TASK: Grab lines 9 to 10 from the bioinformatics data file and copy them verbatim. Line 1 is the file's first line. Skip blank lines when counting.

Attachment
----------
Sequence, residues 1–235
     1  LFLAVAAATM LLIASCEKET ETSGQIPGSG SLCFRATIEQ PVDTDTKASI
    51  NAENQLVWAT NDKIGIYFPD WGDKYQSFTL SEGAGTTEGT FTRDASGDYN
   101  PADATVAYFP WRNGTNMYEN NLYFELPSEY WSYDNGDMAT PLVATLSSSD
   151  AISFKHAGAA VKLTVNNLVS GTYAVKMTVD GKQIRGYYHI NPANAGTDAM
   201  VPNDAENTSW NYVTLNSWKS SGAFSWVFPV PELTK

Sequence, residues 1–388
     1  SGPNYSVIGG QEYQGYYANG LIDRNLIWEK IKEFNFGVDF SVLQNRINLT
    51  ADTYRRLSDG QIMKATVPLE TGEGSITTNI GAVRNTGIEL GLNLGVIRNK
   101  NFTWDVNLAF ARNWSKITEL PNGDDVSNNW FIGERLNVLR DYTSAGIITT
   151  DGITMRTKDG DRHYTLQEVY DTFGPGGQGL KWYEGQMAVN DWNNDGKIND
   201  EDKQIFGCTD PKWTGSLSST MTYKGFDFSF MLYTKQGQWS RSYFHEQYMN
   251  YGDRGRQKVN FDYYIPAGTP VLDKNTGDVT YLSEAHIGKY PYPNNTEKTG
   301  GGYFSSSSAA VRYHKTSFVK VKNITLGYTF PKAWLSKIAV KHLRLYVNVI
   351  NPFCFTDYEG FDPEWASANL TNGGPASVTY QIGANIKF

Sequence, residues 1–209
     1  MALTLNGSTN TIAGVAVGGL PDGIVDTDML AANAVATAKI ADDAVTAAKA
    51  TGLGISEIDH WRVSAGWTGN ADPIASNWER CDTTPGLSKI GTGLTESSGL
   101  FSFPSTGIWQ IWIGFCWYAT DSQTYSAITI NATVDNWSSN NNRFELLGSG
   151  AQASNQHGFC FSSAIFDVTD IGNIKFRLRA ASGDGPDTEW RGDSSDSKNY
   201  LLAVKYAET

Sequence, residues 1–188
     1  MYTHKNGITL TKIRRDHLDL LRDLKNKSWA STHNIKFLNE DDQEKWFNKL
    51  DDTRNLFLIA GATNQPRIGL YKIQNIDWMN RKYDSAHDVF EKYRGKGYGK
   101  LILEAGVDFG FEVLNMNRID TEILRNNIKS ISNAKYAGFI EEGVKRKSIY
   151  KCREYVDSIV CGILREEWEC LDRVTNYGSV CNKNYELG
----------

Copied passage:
    51  ADTYRRLSDG QIMKATVPLE TGEGSITTNI GAVRNTGIEL GLNLGVIRNK
   101  NFTWDVNLAF ARNWSKITEL PNGDDVSNNW FIGERLNVLR DYTSAGIITT